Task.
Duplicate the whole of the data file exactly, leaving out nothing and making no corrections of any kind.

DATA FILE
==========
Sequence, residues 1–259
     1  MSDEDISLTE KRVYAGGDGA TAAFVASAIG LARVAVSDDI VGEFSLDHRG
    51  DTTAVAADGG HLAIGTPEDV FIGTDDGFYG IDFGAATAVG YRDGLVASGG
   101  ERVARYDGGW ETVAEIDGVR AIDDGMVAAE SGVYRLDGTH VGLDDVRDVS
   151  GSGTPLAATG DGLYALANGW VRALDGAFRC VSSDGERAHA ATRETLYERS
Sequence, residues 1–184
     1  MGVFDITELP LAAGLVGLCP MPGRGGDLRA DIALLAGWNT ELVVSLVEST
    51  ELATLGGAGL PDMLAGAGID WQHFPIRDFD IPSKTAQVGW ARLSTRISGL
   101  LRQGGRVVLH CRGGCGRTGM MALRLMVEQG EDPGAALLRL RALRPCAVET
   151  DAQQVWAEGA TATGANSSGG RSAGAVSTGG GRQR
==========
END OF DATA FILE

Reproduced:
Sequence, residues 1–259
     1  MSDEDISLTE KRVYAGGDGA TAAFVASAIG LARVAVSDDI VGEFSLDHRG
    51  DTTAVAADGG HLAIGTPEDV FIGTDDGFYG IDFGAATAVG YRDGLVASGG
   101  ERVARYDGGW ETVAEIDGVR AIDDGMVAAE SGVYRLDGTH VGLDDVRDVS
   151  GSGTPLAATG DGLYALANGW VRALDGAFRC VSSDGERAHA ATRETLYERS
Sequence, residues 1–184
     1  MGVFDITELP LAAGLVGLCP MPGRGGDLRA DIALLAGWNT ELVVSLVEST
    51  ELATLGGAGL PDMLAGAGID WQHFPIRDFD IPSKTAQVGW ARLSTRISGL
   101  LRQGGRVVLH CRGGCGRTGM MALRLMVEQG EDPGAALLRL RALRPCAVET
   151  DAQQVWAEGA TATGANSSGG RSAGAVSTGG GRQR